Jekka's tips on starting a culinary herb garden: planning, planting, maintaining and harvesting

Jekka's tips on starting a culinary herb garden: planning, planting, maintaining and harvesting

A culinary herb garden is a must have for any keen gardener or cook. It brings flavour to any kitchen and colour and texture to the garden. 

Getting started

The first thing to decide is where you wish your culinary herb garden to be; the best site is a sunny area easily accessible to the kitchen and the importance of this is never clearer than when it is raining. Also, the sunnier the growing position, the better the flavour as the sun brings the oils to the surface of the leaf of many herbs. At its simplest, this could mean placing them along the edge of a path or in a pot outside the door. We currently have Mentha Spicata growing outside our door, which not only smells great but goes wonderfully in salad dressings and with new potatoes.

Soil Requirements for Herb Gardens

Whether your herb garden is in the ground, in containers or a mixture of both make sure that the soil is free-draining. This is because most herbs hate getting their "feet" wet for any length of time. Sandy soil is fine but clay soil will need compost and grit added liberally to loosen it up. Bear in mind where they come from, Mediterranean perennials such as rosemary and lavender thrive in a fertile, well drained gritty soil, but annuals tend to be a bit different. Basil, loves a fertile soil that is free draining so that it does not have cold feet at night, Coriander and Parsley like a soil that is fertile and retains moisture.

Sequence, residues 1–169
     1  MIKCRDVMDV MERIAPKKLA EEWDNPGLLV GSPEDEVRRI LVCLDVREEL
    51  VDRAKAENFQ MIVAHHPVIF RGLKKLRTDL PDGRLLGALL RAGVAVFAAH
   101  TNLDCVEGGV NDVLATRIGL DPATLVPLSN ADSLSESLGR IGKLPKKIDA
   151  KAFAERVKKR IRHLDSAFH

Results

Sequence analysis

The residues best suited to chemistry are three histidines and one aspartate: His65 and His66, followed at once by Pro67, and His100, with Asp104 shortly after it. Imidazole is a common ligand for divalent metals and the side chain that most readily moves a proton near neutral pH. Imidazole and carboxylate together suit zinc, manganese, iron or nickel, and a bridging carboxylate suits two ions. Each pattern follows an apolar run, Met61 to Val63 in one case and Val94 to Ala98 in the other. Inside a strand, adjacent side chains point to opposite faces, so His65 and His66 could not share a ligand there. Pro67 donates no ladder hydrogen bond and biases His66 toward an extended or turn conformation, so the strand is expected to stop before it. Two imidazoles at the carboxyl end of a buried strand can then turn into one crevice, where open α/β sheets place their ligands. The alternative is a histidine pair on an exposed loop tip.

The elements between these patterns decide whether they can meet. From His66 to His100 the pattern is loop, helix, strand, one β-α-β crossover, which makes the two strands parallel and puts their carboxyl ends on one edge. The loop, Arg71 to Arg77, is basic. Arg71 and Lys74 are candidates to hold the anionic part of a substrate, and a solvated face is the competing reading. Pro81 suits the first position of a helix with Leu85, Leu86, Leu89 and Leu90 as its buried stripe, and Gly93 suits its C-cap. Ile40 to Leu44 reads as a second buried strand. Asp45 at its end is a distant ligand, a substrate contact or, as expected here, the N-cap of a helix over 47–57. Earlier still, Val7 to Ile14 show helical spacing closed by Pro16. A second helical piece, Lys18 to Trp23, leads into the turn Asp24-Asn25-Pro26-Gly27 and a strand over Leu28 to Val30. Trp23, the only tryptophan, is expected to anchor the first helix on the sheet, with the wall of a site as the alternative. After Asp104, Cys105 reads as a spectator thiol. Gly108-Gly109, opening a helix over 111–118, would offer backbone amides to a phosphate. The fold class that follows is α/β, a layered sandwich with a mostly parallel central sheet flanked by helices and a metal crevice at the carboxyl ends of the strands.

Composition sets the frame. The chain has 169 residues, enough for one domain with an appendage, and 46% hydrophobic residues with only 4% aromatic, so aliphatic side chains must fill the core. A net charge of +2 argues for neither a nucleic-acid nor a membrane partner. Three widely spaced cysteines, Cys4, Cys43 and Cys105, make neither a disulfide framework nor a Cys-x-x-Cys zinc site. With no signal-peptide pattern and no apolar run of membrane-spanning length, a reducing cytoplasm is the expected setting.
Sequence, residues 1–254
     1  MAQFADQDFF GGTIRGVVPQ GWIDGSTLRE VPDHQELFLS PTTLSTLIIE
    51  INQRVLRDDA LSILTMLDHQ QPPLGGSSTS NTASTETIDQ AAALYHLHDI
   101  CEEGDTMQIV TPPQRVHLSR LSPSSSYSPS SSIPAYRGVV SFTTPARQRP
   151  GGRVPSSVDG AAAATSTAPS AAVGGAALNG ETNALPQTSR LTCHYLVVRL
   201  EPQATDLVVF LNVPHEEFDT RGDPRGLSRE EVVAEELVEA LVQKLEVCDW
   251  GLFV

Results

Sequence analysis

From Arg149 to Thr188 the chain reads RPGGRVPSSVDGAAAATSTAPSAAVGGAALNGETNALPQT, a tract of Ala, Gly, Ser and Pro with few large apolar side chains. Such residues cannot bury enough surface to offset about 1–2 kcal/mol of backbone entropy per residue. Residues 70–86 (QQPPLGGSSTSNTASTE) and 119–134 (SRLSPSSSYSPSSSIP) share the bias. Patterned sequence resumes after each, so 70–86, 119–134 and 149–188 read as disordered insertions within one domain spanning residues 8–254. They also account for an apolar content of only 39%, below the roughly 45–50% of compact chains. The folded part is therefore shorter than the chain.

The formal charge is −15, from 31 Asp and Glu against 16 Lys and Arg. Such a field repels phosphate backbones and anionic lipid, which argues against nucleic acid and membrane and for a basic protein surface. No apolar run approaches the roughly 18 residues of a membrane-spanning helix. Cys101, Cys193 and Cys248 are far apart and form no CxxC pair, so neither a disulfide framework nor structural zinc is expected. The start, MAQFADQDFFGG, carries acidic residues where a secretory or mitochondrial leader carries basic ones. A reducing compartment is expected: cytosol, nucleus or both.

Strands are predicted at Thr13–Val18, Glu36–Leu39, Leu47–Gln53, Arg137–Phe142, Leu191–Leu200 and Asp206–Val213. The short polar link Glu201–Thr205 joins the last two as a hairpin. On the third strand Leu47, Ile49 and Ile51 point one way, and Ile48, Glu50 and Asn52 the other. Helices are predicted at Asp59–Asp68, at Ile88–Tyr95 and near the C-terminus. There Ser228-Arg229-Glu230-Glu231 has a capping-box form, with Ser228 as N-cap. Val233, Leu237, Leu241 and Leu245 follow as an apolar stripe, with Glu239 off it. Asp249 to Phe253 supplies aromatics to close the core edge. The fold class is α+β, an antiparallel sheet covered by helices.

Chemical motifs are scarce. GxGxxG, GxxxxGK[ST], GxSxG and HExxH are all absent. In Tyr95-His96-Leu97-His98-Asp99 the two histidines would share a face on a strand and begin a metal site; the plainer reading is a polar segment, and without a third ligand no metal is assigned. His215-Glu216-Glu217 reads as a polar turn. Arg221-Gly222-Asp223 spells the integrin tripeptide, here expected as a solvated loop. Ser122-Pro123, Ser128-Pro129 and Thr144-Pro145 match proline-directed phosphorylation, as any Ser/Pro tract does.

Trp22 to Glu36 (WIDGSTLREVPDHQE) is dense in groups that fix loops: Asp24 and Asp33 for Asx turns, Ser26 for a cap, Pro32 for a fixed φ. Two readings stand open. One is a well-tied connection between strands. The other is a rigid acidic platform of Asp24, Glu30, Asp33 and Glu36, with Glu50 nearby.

When planting in the ground, make sure you have easy access to each herb so that it can be easily reached for cutting, weeding and feeding, you could use stepping stones, or sawn logs, or a simple path.

Planning your Herb Garden

If you are new to garden design and do not already have an idea of how you wish to lay out your herb garden a good starting point is to divide your herbs into beds, arranged symmetrically around a central point. This follows the approach of traditional monastery gardens.

Things to consider when designing your culinary herb garden, include:

  • What would you like to use it for? Is it for continuous use for the kitchen or occasional picking?
  • What access do you need to the garden?
  • What is the aspect of the space? In full sun or partial shade?
  • Are there any features already in or near to the garden that you would like to incorporate; such as the view to the local church?
  • Do you have any established trees and, therefore, their root systems to consider?
  • Are any windows facing onto the garden?
  • What structural plants would you like to use; such as bay or box?

The simplest design would be four beds, each a square yard (or square metre) in size, around a sundial or small round bed containing one tall herb – a rosemary bush or bay tree as a permanent feature, or fennel, which would grow up every year and offer sculptural stems in winter. 

Dividing herbs into beds means that those with similar needs can be grouped together. The annuals that need a good soil and regular watering are also easier to protect from colder nights towards the end of the season if they’re planted together.

Robust herbs such as sage and rosemary stand up to each other, require little watering and a sharply drained soil. If your herb area is small, however, you might prefer to relegate these perennials to the flower borders, where they have room to expand. Sage grows prodigiously in summer and will swamp smaller herbs planted too close.